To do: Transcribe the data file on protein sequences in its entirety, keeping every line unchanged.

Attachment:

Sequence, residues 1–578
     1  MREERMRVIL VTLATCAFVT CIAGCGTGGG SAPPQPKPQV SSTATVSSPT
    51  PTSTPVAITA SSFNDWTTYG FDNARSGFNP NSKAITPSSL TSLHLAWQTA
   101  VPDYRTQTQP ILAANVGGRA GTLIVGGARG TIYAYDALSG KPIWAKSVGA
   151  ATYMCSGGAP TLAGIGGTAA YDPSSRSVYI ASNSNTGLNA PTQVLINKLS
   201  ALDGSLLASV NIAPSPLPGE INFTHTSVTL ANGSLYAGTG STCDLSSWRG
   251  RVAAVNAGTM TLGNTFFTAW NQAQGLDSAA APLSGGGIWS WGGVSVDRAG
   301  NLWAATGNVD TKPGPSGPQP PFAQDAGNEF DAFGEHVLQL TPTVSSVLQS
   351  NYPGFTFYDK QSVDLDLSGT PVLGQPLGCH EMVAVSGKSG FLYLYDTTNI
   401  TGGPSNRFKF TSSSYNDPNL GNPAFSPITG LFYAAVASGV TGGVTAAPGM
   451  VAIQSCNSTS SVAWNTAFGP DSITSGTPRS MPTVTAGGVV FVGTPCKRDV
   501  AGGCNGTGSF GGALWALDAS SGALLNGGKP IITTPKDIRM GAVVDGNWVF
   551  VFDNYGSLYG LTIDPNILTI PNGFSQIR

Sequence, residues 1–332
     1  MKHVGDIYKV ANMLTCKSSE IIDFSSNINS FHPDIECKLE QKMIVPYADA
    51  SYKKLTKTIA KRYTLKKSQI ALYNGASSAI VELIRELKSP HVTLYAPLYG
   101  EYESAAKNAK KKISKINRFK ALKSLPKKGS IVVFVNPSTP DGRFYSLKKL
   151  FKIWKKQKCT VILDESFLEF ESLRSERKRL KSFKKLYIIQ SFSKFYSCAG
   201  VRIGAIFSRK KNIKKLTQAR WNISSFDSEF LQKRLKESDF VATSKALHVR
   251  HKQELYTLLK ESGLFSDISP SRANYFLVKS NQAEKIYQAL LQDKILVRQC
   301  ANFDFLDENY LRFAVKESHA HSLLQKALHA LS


Sequence, residues 1–578
     1  MREERMRVIL VTLATCAFVT CIAGCGTGGG SAPPQPKPQV SSTATVSSPT
    51  PTSTPVAITA SSFNDWTTYG FDNARSGFNP NSKAITPSSL TSLHLAWQTA
   101  VPDYRTQTQP ILAANVGGRA GTLIVGGARG TIYAYDALSG KPIWAKSVGA
   151  ATYMCSGGAP TLAGIGGTAA YDPSSRSVYI ASNSNTGLNA PTQVLINKLS
   201  ALDGSLLASV NIAPSPLPGE INFTHTSVTL ANGSLYAGTG STCDLSSWRG
   251  RVAAVNAGTM TLGNTFFTAW NQAQGLDSAA APLSGGGIWS WGGVSVDRAG
   301  NLWAATGNVD TKPGPSGPQP PFAQDAGNEF DAFGEHVLQL TPTVSSVLQS
   351  NYPGFTFYDK QSVDLDLSGT PVLGQPLGCH EMVAVSGKSG FLYLYDTTNI
   401  TGGPSNRFKF TSSSYNDPNL GNPAFSPITG LFYAAVASGV TGGVTAAPGM
   451  VAIQSCNSTS SVAWNTAFGP DSITSGTPRS MPTVTAGGVV FVGTPCKRDV
   501  AGGCNGTGSF GGALWALDAS SGALLNGGKP IITTPKDIRM GAVVDGNWVF
   551  VFDNYGSLYG LTIDPNILTI PNGFSQIR

Sequence, residues 1–332
     1  MKHVGDIYKV ANMLTCKSSE IIDFSSNINS FHPDIECKLE QKMIVPYADA
    51  SYKKLTKTIA KRYTLKKSQI ALYNGASSAI VELIRELKSP HVTLYAPLYG
   101  EYESAAKNAK KKISKINRFK ALKSLPKKGS IVVFVNPSTP DGRFYSLKKL
   151  FKIWKKQKCT VILDESFLEF ESLRSERKRL KSFKKLYIIQ SFSKFYSCAG
   201  VRIGAIFSRK KNIKKLTQAR WNISSFDSEF LQKRLKESDF VATSKALHVR
   251  HKQELYTLLK ESGLFSDISP SRANYFLVKS NQAEKIYQAL LQDKILVRQC
   301  ANFDFLDENY LRFAVKESHA HSLLQKALHA LS